There was only one person The Bad Czech hated more than he hated the chief justice of the California Supreme Court, Rose Bird. That was Jerry Brown, the governor who had appointed her. Because of his early education in a Jesuit seminary, Governor Jerry Brown was said by the cops to be the maddest monk since Rasputin, without the sex drive.
“That scummy, filthy, rotten, puke of a…” Suddenly The Bad Czech started strangling on bile and spittle. Rumpled Ronald—who, with retirement so close, also feared falling bricks, toxic insect stings, and old ladies with scissors—banged The Bad Czech on the back to get him breathing again.
“You’re hyperventilating, Czech,” Rumpled Ronald offered. “Settle! Settle!”
Then the ten cops and three groupies who were making Leery rich on Mother’s Day began composing possible bumper stickers to cheer up The Bad Czech. Such as: “Send John Hinckley a Rose Bird pinup.”
The Bad Czech snatched a bottle of beer from Leery’s hand, sucked it down and began taking rattling gulps of air.
Rumpled Ronald—who, these last days, feared runaway trucks and botulized burritos—had a bizarre vision of the ascetic supreme court jurist and the equally ascetic monk who was campaigning for the United States Senate. “Know what would be the world’s weirdest no-action movie?” he said. “A porn flick starring Jerry Brown and Rose Bird.”
“She…get this…she…” The Bad Czech grabbed another beer from the bar, gulped half of it, settled, and said, “The rest of The Supremes voted for Corky. For once they got their shit together. But not Rose. No way. She writes a twenty-two-page dissent!”
Everyone was of course used to the town crier reading the Los Angeles Times aloud and strangling on bile, and knew that Corky was the airport police dog who had sniffed out some dope in a suitcase and was getting his balls rapped for illegal search and seizure, just like the cops with two legs.
“Listen to this,” The Bad Czech read: “ ‘A traveler to protect his privacy should not have to resort to an airtight suitcase or other extraordinary measures to prevent the escape of even one marijuana molecule’!” Then the monster cop tore the paper to shreds and cried, “The fuckin dog is forcin smugglers to trash their Gucci luggage. And Rose Bird says it ain’t fair!”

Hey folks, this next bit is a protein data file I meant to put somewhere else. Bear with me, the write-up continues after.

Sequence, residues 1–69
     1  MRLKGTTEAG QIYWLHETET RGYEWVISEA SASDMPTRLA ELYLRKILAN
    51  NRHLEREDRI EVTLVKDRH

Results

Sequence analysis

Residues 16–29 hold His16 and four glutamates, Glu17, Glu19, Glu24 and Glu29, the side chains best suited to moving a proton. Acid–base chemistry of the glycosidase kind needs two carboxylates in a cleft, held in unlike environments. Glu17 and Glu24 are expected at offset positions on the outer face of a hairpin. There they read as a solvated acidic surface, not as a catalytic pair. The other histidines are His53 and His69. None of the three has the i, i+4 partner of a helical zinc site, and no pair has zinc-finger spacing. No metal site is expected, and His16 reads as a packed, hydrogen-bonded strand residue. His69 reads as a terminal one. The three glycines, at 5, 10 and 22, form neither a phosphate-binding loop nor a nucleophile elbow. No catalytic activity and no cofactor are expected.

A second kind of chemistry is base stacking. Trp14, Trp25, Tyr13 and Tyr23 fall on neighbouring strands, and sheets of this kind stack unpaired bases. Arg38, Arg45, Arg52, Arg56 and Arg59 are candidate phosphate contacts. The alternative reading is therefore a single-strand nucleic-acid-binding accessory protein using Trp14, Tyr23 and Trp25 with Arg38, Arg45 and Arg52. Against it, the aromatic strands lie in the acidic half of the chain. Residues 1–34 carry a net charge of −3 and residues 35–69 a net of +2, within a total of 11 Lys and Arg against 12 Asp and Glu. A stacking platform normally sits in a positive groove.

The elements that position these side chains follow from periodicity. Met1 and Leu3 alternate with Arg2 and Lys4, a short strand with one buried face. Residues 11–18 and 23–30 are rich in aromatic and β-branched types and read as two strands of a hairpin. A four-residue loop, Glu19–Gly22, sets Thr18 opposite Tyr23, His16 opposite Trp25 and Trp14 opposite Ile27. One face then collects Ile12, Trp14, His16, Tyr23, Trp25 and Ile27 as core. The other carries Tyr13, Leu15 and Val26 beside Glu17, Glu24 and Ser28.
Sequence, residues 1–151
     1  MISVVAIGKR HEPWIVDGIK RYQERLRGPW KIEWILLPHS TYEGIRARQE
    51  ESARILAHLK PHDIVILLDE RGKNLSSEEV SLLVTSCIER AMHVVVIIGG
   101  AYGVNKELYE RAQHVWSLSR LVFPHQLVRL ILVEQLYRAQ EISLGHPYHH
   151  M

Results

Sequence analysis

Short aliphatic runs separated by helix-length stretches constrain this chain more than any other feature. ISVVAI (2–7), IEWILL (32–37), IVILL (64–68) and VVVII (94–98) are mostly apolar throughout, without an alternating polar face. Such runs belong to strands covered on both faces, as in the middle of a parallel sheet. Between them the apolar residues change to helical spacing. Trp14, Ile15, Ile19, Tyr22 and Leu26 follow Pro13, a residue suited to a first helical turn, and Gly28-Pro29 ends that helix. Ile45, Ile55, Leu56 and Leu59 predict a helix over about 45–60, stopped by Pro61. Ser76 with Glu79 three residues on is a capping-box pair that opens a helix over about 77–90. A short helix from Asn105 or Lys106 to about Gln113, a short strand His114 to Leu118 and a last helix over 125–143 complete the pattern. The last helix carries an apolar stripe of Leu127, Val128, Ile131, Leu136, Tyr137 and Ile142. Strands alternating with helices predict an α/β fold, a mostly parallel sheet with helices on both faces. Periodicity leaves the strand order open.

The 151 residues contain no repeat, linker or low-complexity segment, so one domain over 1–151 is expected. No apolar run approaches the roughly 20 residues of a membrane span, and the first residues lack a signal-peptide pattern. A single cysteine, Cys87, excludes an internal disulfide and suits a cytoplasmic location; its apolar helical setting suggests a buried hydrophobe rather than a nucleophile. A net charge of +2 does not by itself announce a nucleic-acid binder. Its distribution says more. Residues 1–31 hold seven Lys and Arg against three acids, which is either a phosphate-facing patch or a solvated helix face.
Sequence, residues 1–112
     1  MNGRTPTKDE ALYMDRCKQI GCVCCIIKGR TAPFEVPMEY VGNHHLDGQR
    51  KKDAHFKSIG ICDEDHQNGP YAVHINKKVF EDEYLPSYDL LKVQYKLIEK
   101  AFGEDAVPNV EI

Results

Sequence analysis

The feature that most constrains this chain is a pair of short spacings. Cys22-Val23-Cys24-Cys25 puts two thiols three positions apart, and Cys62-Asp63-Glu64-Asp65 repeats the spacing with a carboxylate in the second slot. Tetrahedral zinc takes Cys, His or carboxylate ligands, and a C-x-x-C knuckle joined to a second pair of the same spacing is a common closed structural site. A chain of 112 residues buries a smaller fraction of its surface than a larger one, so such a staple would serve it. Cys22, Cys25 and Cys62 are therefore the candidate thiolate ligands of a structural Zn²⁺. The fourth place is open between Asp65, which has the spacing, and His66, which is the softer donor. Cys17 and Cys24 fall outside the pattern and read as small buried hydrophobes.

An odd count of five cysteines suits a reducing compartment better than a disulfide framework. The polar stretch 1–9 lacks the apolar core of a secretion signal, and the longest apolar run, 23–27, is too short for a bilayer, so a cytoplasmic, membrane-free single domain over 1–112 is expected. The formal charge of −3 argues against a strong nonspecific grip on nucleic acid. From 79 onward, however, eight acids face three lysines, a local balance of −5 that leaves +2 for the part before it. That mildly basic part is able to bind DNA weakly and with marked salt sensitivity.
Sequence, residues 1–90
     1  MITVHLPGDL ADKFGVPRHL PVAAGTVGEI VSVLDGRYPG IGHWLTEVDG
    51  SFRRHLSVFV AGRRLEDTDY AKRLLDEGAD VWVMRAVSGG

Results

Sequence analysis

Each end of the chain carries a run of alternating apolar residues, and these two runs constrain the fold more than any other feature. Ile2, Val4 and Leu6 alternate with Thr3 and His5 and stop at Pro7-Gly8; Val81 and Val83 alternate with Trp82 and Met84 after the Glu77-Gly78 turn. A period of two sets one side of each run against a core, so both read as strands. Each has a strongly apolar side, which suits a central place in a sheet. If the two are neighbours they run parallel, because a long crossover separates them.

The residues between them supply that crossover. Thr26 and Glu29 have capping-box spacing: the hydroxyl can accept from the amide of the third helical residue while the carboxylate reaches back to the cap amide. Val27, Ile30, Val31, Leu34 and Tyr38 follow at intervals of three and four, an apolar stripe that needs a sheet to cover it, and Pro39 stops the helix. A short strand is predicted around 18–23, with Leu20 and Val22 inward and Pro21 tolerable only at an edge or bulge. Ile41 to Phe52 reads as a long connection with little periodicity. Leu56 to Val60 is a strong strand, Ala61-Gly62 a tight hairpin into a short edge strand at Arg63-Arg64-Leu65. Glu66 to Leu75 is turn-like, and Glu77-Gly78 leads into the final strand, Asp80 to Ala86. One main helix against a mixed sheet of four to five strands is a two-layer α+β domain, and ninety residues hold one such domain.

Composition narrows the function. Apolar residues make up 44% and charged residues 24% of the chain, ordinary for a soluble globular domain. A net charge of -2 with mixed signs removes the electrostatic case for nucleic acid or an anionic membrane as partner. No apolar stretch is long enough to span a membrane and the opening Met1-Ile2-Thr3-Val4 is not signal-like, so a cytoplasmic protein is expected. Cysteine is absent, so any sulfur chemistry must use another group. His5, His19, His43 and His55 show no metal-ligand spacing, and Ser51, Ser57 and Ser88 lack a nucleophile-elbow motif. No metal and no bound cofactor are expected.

Rumpled Ronald looked at his watch and marked the fifty-one hours and thirty minutes when his pension would be secure. Then he took his own pulse and thought of hypertension, aneurysm and stroke.
One of the groupies, an emaciated girl with a splayed pelvis who looked like a toilet plunger on the barstool, said, “Hey, Leery. The Czech needs some cheering up. He ain’t beat up nobody for, oh, two three days now.”
“Hey, Czech,” another groupie giggled. “I hear you’re only shooting at cans these days. Mexi-cans. Puerto Ri-cans…”
“Well versed by the cops in the multi-ethnic makeup of Rampart Division, a third groupie said, “Naw, The Czech only shoots at knees…Chi-nese mostly.”
And so forth.
The groupies were regulars in Leery’s Saloon and every other cop bar from Chinatown to Hollywood. Those familiar nameless groupies were as ubiquitous as dog shit on a vice cop’s shoe, as they say. When the cops were too despondent to ventilate, the girls got things going.
“Gimme a double!” cried a singsong voice from the smoke and gloom. “My throat’s as parched as Jerry Brown’s balls.”
The voice belonged to one half of the inseparable team of Hans and Ludwig, who were shoulder to shoulder, elbows on the bar, surrounded by the three groupies.
It made The Bad Czech even meaner and madder than usual to see Hans and Ludwig getting all the attention and drinking out of the same beer bottle. But the groupies thought it was cute and adorable and they hugged Hans and Ludwig when they did it.
Even through the darkness The Bad Czech could see Ludwig’s huge wet tongue slopping around on the bottle’s mouth. Then Hans tipped the same bottle to his own mouth and, without wiping off the slobber, drank it down.
The Bad Czech longed to snatch the beer bottle from that scrawny, noodle-necked, pathetic excuse for a cop, and stick it down his throat until that whiny singsong voice of his was muffled by eight inches of bottle glass. That’s what he wanted to do. Except that he was scared shitless of Ludwig.
Hans’ partner wasn’t scrawny. Ludwig was all muscle. His chest and shoulders heaved and swelled when he sucked on the beer bottle. And his eyes were nothing like the dumb little blinking eyes of his partner, Hans. Ludwig’s eyes were full of yellow menace. The pupils were elongated. And along with the massive musculature, he was nearly as tall as his skinny partner.
“The Bad Czech was the biggest, strongest and unarguably the meanest cop at Rampart Station, but he saw something in those eyes that made him gulp back his anger. Ludwig had the eyes of a killer. He was sapphire-black and weighed 130 pounds. He was born and raised in Hamburg, Germany, and understood no English. He was a Rottweiler, the largest dog in the K-9 Unit of the Los Angeles Police Department.